Data Protection Officer
Under the GDPR, data controllers and processors may designate a data protection officer (DPO) where the main activities of a company involve monitoring of data subjects on a large scale or when the company conducts large-scale processing of special categories of personal data. This new requirement can be met with a company’s current privacy or compliance professional. There is still a great deal of uncertainty as to what the role of the DPO will encompass and what the parameters on appointment are. Further guidance is to be issued on the matter that American companies should keep an eye out for.
Under the old Directive, companies were able to rely on implicit and “opt-out” consent in some circumstances. Under GDPR, silence, pre-ticked boxes, or inactivity will no longer constitute consent. Data subjects must confirm choice by a freely given, specific, informed, and unambiguous statement or a clear affirmative action. Like with the Directive, GDPR has distinct requirements for processing special categories of personal data, but has added more to the list. Data subjects must be given the right to withdraw consent at any time. Lastly, the GDPR has introduced restrictions on the ability of children to provide consent without parental authorization. US-based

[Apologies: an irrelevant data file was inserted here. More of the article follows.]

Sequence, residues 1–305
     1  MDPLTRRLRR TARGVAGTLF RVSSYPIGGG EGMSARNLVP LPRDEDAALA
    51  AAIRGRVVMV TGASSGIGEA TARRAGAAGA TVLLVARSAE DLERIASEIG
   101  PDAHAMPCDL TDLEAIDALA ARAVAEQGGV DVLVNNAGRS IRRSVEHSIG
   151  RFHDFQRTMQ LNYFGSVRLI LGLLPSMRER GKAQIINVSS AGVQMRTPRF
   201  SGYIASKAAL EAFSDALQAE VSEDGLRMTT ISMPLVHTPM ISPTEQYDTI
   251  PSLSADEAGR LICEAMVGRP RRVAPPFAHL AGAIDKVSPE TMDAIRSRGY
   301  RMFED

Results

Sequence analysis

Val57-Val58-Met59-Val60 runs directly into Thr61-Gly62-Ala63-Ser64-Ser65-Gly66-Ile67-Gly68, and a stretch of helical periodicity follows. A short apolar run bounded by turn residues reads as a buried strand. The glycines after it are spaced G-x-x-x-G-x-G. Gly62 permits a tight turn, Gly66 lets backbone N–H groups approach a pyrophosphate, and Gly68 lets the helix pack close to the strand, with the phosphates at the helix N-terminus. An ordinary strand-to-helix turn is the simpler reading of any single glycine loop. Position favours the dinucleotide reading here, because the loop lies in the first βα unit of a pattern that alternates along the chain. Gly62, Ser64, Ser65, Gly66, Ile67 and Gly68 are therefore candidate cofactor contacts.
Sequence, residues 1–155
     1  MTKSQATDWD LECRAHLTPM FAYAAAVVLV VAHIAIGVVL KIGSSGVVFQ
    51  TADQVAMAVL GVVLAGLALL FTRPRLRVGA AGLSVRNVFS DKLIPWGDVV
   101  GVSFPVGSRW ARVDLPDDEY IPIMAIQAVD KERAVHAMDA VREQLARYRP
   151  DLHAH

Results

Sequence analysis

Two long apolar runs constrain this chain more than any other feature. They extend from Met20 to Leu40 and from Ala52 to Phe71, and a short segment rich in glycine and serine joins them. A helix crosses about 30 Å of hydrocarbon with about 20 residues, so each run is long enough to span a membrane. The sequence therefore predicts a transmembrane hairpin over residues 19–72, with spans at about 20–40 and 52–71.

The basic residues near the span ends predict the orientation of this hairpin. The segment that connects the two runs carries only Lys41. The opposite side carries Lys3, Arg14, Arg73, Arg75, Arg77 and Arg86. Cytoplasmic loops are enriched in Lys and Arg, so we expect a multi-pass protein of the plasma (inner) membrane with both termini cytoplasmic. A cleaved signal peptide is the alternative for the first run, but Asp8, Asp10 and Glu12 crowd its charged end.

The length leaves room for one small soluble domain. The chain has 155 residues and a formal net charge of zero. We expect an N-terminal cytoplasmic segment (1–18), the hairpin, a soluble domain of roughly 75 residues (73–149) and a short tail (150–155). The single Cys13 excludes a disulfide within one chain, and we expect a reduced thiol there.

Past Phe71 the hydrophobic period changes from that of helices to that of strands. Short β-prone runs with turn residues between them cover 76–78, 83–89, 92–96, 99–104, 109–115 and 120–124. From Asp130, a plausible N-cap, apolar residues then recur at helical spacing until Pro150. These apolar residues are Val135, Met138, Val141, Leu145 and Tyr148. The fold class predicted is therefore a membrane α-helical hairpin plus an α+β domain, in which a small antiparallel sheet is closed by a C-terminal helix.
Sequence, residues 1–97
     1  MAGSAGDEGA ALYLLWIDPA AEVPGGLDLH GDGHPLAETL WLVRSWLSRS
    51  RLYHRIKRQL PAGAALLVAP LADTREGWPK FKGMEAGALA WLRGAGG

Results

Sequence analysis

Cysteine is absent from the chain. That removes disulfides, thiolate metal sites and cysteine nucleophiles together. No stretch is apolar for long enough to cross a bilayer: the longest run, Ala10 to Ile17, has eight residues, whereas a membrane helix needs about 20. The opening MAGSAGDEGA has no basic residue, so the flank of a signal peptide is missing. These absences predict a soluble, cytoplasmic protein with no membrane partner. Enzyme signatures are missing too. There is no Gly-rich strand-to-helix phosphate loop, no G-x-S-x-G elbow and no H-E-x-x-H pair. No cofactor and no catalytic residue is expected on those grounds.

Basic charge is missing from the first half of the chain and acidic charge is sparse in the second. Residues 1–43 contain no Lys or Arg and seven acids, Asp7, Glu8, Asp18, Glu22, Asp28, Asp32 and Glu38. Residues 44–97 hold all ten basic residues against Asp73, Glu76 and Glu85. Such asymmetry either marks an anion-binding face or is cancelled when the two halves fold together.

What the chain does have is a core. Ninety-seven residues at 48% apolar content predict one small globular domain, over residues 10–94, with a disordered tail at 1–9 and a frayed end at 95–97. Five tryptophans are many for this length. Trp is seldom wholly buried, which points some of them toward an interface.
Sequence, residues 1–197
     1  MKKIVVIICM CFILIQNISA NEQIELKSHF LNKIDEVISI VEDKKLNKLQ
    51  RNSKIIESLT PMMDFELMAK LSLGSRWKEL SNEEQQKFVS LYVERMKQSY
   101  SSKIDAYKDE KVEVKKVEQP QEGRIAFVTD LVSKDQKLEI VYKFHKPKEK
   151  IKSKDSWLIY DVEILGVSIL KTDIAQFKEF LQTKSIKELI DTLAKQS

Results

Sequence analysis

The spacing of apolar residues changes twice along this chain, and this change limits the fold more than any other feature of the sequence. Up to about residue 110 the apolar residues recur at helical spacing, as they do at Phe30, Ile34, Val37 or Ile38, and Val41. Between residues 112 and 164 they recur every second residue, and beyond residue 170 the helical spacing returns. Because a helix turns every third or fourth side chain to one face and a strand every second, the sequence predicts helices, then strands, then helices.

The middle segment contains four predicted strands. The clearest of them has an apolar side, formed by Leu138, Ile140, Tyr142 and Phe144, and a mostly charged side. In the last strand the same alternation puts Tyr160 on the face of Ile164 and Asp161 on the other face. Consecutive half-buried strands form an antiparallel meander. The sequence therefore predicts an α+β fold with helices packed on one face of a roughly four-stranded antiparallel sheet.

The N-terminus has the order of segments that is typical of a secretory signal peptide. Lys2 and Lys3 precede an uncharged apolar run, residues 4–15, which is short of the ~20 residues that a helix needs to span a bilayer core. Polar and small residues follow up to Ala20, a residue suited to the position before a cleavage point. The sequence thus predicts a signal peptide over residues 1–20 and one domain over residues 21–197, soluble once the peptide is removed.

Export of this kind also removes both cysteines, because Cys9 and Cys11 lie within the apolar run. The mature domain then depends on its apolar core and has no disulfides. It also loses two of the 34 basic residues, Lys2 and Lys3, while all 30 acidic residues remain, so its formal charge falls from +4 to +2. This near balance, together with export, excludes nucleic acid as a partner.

Data Transfers Across Borders
Companies will be able to transfer data to third countries, territory, or a specified sector within a third country, or international organization so long as they have been granted an adequacy designation. US companies should know that the designation or retraction of the adequacy award is binding in all EU member states.
Right to be Forgotten and Data Portability
The GDPR introduced two new rights for data subjects. The right to be forgotten was codified to allow individuals to request the deletion of their personal data. The GDPR also gives the data subjects the right to receive data in a common format and to have their data transferred to another controller if the data subject so requests.
Under the GDPR, the controller is liable for the actions of the processors they choose. It is important that US-based companies carefully choose their processors. A relationship between a controller and a processor should be governed by a contract. The contractual relationship should include details around the data itself, retention periods, disposal requirements, the nature and purpose of the data, etc…